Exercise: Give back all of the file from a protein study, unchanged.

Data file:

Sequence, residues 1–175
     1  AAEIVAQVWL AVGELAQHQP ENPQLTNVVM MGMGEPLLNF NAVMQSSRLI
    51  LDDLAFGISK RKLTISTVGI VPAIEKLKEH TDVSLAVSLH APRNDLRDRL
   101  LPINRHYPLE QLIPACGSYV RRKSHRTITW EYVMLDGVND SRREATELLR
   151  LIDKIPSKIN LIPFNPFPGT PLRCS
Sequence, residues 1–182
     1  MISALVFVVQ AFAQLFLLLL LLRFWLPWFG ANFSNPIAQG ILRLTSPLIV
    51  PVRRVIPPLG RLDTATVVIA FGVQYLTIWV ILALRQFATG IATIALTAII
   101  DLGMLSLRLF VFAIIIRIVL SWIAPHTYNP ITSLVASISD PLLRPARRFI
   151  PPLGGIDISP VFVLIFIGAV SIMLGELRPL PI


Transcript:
Sequence, residues 1–175
     1  AAEIVAQVWL AVGELAQHQP ENPQLTNVVM MGMGEPLLNF NAVMQSSRLI
    51  LDDLAFGISK RKLTISTVGI VPAIEKLKEH TDVSLAVSLH APRNDLRDRL
   101  LPINRHYPLE QLIPACGSYV RRKSHRTITW EYVMLDGVND SRREATELLR
   151  LIDKIPSKIN LIPFNPFPGT PLRCS
Sequence, residues 1–182
     1  MISALVFVVQ AFAQLFLLLL LLRFWLPWFG ANFSNPIAQG ILRLTSPLIV
    51  PVRRVIPPLG RLDTATVVIA FGVQYLTIWV ILALRQFATG IATIALTAII
   101  DLGMLSLRLF VFAIIIRIVL SWIAPHTYNP ITSLVASISD PLLRPARRFI
   151  PPLGGIDISP VFVLIFIGAV SIMLGELRPL PI